Research + Wireframes
I first researched the original Facebook game in order to pinpoint key features of the existing UI for our mobile port of the game. This included changing the user flow when separating content into multiple screens to maintain legibility and communicate information in a clear manner. I collaborated with producers and game designers to wireframe new and improved UI to streamline engaging gameplay.
I set the look and feel of the mobile version of the game including new buttons and font colors and size and documented it in company confluence to share with designers and engineers on the project. This allowed mockups to be done by multiple designers while keeping a consistent style as well as giving engineers a quick guide to how things should be implemented.
Mockups + Iterations
I was responsible for mocking up multiple features of the game, including all the screens and user flows related to each feature so that it is clear to the engineers how a feature should work. During this process, I would work closely with producers and game designers to iterate on mockups to find the optimal design solutions. Potential employers may inquire to view more design iterations of the features in this game.
Often times there is a lot of back and forth between designers and engineers and a lot of time lost on getting the implemented game to match the mockups. I led the effort to polish the game efficiently by getting access to and learning the programs necessary to do so. This involved my working in the visual editor of XCode and CocosBuilder to directly polish the final product.
After Gardens of Time had been released for about a year on mobile, I took the initiative to prioritize the revamping of Gardens of Time's user interface. Till that point, the mobile version of the game was taking elements from the Facebook version of the game which meant that the UI was not optimized for mobile. The following are some insights on mobile UI that drive my design.
Bigger + Brighter
One of the biggest faults with the old UI was that everything was very small and too dark for a social game on a mobile device. Therefore one of the first improvements made was to make all interactable elements bigger and the color theme brighter. The example shown here is for the iPad version of the game.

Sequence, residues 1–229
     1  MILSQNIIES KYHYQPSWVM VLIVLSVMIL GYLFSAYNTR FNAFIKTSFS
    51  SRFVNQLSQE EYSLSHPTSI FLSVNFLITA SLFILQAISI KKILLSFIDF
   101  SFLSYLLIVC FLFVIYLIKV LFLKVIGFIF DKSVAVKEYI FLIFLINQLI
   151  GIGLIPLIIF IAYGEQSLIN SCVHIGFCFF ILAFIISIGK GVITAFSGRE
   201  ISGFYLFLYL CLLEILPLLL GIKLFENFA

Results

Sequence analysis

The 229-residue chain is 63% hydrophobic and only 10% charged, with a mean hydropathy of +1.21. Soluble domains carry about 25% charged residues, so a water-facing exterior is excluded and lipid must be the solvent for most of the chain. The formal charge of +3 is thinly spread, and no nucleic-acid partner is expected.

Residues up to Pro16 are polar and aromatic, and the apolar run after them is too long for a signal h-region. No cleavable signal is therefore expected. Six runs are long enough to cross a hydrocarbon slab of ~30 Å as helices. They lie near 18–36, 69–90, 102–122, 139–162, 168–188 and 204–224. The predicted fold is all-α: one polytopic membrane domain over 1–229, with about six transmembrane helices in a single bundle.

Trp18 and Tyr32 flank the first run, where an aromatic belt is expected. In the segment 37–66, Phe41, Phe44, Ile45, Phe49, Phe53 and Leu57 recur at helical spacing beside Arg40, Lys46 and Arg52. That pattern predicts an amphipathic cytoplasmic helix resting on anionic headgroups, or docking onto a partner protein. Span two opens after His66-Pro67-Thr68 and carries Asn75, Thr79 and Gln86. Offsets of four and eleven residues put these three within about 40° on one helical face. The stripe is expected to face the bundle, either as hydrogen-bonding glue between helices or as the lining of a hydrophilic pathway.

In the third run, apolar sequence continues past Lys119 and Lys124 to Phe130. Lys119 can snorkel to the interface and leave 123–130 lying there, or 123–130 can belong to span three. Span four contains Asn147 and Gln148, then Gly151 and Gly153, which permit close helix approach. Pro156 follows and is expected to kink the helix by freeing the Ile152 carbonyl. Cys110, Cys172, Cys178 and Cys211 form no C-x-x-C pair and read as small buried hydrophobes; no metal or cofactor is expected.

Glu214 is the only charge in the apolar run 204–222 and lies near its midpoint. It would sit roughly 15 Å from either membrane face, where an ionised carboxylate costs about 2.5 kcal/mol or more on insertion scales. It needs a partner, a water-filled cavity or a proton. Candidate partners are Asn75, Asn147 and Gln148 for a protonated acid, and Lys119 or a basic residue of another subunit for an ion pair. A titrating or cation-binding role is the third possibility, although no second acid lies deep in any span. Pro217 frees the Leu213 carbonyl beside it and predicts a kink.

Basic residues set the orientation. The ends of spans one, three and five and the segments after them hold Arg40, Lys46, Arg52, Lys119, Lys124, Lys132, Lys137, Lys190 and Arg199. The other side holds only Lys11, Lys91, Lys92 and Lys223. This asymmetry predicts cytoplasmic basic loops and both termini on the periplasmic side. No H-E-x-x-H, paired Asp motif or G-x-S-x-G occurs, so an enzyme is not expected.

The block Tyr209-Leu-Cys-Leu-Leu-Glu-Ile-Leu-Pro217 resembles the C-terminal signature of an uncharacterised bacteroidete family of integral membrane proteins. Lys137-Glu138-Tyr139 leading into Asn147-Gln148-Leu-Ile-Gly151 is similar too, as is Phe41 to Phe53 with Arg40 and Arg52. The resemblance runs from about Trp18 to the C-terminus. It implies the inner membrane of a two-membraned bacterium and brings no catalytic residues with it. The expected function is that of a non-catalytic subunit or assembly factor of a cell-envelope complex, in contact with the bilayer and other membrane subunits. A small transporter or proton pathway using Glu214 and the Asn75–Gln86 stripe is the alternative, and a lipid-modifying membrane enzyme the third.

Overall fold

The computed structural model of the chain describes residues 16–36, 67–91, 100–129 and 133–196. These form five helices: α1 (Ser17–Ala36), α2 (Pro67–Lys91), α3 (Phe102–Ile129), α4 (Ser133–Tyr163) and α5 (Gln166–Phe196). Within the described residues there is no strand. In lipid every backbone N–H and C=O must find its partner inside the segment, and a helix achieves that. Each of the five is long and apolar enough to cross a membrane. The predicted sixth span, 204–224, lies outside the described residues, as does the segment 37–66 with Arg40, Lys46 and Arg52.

In addition to making the buttons bigger and brighter, it was also important to improve the legibility of the text. I needed to keep in mind the many devices we are supporting to make sure the font is easy to read. This included both retina and non-retina iPhone and iPad.
Often times, new features are added at a later date after the game has already been launched. Therefore, when I designed new features, I maintained a consistent style by drawing similar graphic elements and user flow from other parts of the game. At the same time, I made it look different enough to stand out on its own.
One of the most exciting and fun parts of design is getting the chance to work on vastly different visual styles and incorporating that into the new mobile UI. For Animal Kingdom, using a compass as the menu button is an example of how I made the UI feel like it's part of the world, rather than just a button overlaid on top of a game. I enjoy creating UI that immerses the user in the game as much as possible.
I used Adobe Flash to demonstrate how I wanted a certain effect to look like so that it'd be easier for the engineers. In this example, I wanted an overlay on the image when the user has selected an object to move. I provided information on what color, opacity, and timing should be to assist engineers with their implementation.
One challenge universal to porting games like these was in communicating large amounts of information in a small iPhone screen. Knowing how to take advantage of the natural gestures users have learned from using iPhones was key in figuring out how to include more information without cluttering the screen.
Taking a game from start to end, I was also responsible for the mockups. For each new feature, after the research step and wireframing step, I mocked up each step of the user experience to present to the project managers or game designers for iteration and improvement or approval.
Blackwood & Bell, like all the other Facebook games that I have ported, are from the other game teams within the company. Cross-team communication was necessary in order to organize all the necessary assets. I collaborated directly with the UI designer from the web team to create the new mobile UI.
Bundle size of the applications are always something to consider when making apps. One way to reduce file size is to use 9-sliced assets when possible, but occasionally, there are too many painted textures to scale, so I set three sizes of popups in order to achieve a consistent UI.
Blackwood & Bell was developed using the existing Gardens of Time code with several new features. In order to meet aggressive timelines associated with game production, I efficiently replaced the assets from Gardens of Time with those of Blackwood & Bell to minimize the amount of work necessary for the engineers.
As part of the first team in the company to work on the mobile platform, I realized that our assets for the Facebook game were not large enough to support the iPad3's retina screen. I communicated this to the rest of the teams for future projects and by reaching out to the UI artists on the Facebook game teams, I was able to organize a rapid upscaling of the assets.
Year of the Horse illustration.
Concept art for original story.
Costume design & environment study.
Mood & lighting piece.
Cel-shaded illustration with perspective practice.
Year of the Dragon illustration.
Quick caricature rendering.